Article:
Onward to choir practice...

Fall is clearly upon us in the Berkshires. Here is a shot looking out my study window...
Two quick thoughts before a nap and then choir practice:

+ If pastors spoke to the people in their congregations the way congregants sometimes speak to their pastors... well, let's just say there would be blood in the streets. My wise predecessor used to say: If pastors want to be appreciated, get a dog. I mention this only because some people confuse speaking the truth in love with cruelty. Or else they are completely clueless about the delicate inner balance many clergy wrestle with every day: putting yourself out there as an introverted mystic in an extroverted utilitarian world. Granted, being a minister beats heavy lifting, but come on now people, smile on each other everybody get together, try to love one another right now, ok? Words can wound or heal - even critical words that are essential - so before nailing your pastor, ask yourself: would I want to be addressed in this manner? My hunch is probably not.

+ In Parker Palmer's small but sacred book, Listening to Your Life, he writes about his own
angst because "the experience of darkness has been essential" to "coming to selfhood. Telling the truth about that face helps me stay in the light." Then he adds this:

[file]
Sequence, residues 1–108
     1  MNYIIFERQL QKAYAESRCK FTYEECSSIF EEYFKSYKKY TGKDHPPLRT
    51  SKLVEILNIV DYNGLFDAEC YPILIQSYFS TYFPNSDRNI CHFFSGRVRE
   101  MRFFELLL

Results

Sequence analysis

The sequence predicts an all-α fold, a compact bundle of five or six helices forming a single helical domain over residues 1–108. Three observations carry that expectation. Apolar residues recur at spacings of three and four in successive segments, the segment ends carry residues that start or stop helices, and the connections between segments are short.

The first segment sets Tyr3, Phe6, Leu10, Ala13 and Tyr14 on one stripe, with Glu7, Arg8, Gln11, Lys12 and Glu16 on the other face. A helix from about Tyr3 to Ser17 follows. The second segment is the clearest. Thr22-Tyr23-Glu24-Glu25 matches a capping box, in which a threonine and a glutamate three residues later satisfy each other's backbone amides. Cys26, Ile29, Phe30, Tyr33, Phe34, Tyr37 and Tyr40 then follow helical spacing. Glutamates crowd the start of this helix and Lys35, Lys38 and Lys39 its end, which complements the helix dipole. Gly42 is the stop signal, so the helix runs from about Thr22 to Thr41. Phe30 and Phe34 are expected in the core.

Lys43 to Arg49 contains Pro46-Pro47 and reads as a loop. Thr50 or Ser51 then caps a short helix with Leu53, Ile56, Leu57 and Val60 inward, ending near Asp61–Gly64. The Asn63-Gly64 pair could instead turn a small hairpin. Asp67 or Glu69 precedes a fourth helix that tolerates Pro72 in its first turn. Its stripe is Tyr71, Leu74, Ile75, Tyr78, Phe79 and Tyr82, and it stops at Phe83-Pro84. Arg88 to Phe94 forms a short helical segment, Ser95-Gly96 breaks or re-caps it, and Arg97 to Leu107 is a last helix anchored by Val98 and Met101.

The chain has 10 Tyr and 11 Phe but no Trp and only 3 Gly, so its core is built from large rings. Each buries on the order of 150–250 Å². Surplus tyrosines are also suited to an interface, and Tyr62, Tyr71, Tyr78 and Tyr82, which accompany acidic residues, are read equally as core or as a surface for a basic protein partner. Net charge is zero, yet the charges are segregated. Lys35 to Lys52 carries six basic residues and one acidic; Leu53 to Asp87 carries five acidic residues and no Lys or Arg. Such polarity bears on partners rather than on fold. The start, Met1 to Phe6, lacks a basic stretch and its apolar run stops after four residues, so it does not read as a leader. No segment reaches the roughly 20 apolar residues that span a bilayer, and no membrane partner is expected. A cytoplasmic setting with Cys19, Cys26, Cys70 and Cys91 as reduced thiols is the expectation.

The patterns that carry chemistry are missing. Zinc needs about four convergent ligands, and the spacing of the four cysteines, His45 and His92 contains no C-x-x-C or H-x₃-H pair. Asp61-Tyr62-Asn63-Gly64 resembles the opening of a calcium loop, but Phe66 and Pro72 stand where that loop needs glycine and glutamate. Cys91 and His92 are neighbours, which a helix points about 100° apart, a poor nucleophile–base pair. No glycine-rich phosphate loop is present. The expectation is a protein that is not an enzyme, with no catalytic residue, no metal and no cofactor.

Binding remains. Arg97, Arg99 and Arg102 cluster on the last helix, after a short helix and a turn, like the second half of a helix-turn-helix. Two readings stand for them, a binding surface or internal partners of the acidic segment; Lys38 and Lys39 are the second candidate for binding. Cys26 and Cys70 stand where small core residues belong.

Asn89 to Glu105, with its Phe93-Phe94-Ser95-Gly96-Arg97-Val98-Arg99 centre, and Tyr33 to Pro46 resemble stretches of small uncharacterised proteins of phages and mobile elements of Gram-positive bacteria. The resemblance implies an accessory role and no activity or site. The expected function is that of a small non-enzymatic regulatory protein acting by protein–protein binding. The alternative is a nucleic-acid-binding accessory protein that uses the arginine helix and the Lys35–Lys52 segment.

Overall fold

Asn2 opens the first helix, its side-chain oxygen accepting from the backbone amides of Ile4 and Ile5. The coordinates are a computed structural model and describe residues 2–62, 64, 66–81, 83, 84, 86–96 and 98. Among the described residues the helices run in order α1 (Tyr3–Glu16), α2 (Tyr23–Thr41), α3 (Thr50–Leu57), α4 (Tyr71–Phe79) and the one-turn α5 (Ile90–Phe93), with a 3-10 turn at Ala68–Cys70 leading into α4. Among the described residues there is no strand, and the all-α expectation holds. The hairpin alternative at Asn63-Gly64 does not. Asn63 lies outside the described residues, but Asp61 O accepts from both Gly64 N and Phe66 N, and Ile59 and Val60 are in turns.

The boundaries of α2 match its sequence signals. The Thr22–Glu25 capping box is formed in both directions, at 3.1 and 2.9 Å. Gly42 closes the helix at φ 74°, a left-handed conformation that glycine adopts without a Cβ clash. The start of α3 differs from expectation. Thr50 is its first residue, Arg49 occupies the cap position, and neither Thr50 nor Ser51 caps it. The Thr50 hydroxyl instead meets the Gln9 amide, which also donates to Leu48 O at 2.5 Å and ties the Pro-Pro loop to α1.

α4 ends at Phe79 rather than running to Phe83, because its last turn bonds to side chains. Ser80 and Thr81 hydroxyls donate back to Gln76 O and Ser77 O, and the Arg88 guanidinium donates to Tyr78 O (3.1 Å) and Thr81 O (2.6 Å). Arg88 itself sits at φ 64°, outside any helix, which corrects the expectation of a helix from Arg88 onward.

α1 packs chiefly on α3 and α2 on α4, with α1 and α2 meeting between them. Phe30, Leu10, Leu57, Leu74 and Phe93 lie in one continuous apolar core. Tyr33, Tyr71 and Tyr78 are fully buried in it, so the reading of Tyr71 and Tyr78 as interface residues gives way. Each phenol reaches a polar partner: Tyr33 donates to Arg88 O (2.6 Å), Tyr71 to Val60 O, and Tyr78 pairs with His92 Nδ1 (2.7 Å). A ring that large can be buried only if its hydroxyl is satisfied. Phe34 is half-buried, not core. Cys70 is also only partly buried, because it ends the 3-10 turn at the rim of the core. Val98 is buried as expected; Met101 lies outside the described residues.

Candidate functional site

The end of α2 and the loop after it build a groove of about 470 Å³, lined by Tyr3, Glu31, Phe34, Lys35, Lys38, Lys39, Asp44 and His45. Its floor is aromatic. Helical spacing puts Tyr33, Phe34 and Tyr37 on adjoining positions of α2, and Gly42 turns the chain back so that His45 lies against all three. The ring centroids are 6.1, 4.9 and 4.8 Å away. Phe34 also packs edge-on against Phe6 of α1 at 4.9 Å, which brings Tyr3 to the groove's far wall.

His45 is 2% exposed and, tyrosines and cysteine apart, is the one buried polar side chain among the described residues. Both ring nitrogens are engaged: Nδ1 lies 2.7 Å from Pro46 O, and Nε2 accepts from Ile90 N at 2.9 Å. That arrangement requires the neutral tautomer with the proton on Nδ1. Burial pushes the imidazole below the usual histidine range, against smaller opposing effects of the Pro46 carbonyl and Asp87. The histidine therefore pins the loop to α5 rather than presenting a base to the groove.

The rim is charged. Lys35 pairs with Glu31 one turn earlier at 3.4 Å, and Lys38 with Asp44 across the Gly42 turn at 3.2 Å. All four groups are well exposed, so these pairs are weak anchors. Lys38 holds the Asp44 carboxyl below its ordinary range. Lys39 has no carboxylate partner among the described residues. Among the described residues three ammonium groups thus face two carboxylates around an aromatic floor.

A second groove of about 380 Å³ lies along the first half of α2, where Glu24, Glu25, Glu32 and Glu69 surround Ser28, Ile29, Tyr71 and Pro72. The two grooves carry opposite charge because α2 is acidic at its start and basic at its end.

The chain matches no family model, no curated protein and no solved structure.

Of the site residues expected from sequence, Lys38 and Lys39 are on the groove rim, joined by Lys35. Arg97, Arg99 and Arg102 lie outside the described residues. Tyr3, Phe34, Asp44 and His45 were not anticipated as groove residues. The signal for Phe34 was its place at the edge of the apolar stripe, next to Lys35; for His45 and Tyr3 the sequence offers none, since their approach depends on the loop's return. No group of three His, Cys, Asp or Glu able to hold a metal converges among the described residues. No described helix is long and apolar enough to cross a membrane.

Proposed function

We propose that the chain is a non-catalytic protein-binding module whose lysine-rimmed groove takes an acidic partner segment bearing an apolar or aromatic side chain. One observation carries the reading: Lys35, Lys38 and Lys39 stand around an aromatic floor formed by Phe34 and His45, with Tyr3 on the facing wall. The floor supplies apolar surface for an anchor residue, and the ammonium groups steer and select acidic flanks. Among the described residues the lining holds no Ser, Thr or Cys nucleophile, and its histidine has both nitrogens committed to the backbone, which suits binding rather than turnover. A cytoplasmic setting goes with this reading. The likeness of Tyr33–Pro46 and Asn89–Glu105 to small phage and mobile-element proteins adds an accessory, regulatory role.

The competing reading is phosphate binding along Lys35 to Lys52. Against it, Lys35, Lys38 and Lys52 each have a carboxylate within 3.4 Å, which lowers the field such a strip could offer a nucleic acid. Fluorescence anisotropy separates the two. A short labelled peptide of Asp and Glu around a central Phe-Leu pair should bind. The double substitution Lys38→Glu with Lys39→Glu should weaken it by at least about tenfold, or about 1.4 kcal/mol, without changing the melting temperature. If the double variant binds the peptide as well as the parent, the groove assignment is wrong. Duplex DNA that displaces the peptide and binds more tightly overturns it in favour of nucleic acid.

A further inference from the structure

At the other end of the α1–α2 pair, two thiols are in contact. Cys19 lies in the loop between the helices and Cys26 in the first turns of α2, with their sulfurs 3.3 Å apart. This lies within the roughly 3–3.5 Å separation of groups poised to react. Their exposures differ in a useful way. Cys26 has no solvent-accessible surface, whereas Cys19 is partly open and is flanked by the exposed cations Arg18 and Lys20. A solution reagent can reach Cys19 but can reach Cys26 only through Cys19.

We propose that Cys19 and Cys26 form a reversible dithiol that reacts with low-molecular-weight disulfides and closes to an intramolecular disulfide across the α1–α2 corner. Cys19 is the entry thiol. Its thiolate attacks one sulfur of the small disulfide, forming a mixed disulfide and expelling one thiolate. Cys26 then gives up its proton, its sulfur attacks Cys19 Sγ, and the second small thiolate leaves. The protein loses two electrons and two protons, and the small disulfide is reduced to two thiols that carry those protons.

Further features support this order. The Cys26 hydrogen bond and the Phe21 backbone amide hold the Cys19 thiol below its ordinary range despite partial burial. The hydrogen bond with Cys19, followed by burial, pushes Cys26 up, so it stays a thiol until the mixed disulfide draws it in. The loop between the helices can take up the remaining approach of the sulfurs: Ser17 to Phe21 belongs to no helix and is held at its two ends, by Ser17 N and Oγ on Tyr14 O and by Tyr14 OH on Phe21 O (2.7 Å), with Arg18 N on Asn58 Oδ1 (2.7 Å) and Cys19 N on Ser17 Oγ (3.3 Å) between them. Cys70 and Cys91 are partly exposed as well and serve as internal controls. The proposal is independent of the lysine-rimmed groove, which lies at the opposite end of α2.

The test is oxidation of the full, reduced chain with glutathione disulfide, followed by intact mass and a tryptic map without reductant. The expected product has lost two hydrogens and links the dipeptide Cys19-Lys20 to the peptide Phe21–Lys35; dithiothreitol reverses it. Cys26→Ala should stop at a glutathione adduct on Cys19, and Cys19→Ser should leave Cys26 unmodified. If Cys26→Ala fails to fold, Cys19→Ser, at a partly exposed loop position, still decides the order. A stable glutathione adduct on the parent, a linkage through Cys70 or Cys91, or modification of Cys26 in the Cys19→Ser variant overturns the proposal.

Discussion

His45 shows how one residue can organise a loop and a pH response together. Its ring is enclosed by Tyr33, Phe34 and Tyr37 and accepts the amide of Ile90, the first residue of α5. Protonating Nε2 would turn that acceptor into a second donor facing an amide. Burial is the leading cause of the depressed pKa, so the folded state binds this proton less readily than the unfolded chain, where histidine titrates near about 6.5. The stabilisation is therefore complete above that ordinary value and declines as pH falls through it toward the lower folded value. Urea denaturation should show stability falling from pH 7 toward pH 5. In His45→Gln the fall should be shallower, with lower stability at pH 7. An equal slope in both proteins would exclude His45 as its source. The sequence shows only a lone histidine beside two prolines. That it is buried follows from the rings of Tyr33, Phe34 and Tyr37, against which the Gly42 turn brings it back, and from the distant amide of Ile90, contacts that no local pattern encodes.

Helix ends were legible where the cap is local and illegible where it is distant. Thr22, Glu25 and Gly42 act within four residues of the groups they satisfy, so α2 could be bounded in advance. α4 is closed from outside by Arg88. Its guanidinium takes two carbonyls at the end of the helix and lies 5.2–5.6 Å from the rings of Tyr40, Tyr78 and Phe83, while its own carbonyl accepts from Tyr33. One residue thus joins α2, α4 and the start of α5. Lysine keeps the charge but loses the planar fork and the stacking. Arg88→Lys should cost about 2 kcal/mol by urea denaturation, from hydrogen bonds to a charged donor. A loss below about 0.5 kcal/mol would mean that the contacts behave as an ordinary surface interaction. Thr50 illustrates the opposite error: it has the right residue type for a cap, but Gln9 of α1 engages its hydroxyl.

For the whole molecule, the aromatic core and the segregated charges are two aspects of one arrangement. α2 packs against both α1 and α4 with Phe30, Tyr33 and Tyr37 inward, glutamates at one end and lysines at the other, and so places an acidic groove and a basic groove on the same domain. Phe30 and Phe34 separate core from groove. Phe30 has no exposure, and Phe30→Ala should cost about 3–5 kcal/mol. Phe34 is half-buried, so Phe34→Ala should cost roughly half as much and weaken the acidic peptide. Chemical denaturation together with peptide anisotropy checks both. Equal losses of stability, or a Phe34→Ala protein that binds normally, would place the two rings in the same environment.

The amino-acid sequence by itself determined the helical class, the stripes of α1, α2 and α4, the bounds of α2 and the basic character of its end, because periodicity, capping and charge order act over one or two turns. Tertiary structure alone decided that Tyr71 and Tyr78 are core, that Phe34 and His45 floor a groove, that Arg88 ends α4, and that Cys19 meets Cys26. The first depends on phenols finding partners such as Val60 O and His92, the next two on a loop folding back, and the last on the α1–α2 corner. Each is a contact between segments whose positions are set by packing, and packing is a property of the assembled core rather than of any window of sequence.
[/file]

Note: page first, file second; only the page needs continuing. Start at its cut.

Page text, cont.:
But I want to tell that truth for another reasons as well: many young people today journey in the dark, as the young always have, and we elders do them a disservice when we withhold the shadowy parts of our lives. When I was young, there were very few elders willing to talk about the darkness; most of them pretended that success was all they had ever known. As the darkness began to descend on me in my early twenties, I thought I had developed a unique and terminal case of failure. I did not realize that I had merely embarked on a journey toward joining the human race.

On this shadowy, cloudy fall afternoon in the Berkshire hills, another Parker Palmer essay (about the seasons) comes to mind.

When we so fear the dark that we demand light around the clock, there can be only one result: artificial light that is glaring and graceless and, beyond its borders, a darkness that grows ever more terrifying as we try to hold it off. Split off from each other, neither darkness nor light is fit for human habitation. But if we allow the paradox of darkness and light to be, the two will conspire to bring wholeness and health to every living thing. Autumn constantly reminds me that my daily dyings are necessary precursors to new life. 

Onward to choir practice!


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